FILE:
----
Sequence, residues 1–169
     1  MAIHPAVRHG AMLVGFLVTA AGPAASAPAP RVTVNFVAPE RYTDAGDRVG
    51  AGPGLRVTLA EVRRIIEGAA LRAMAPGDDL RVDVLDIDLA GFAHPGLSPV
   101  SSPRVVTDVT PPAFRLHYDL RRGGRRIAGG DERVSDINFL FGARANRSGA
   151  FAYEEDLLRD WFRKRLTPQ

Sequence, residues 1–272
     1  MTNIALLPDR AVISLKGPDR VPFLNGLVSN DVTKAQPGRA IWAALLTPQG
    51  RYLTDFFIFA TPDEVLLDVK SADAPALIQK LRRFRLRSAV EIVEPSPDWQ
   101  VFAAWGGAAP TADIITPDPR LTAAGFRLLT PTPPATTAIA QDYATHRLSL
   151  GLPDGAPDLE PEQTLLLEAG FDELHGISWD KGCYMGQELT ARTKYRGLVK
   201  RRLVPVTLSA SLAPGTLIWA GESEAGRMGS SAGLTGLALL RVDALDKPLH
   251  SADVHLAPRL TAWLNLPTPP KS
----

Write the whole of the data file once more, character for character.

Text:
Sequence, residues 1–169
     1  MAIHPAVRHG AMLVGFLVTA AGPAASAPAP RVTVNFVAPE RYTDAGDRVG
    51  AGPGLRVTLA EVRRIIEGAA LRAMAPGDDL RVDVLDIDLA GFAHPGLSPV
   101  SSPRVVTDVT PPAFRLHYDL RRGGRRIAGG DERVSDINFL FGARANRSGA
   151  FAYEEDLLRD WFRKRLTPQ

Sequence, residues 1–272
     1  MTNIALLPDR AVISLKGPDR VPFLNGLVSN DVTKAQPGRA IWAALLTPQG
    51  RYLTDFFIFA TPDEVLLDVK SADAPALIQK LRRFRLRSAV EIVEPSPDWQ
   101  VFAAWGGAAP TADIITPDPR LTAAGFRLLT PTPPATTAIA QDYATHRLSL
   151  GLPDGAPDLE PEQTLLLEAG FDELHGISWD KGCYMGQELT ARTKYRGLVK
   201  RRLVPVTLSA SLAPGTLIWA GESEAGRMGS SAGLTGLALL RVDALDKPLH
   251  SADVHLAPRL TAWLNLPTPP KS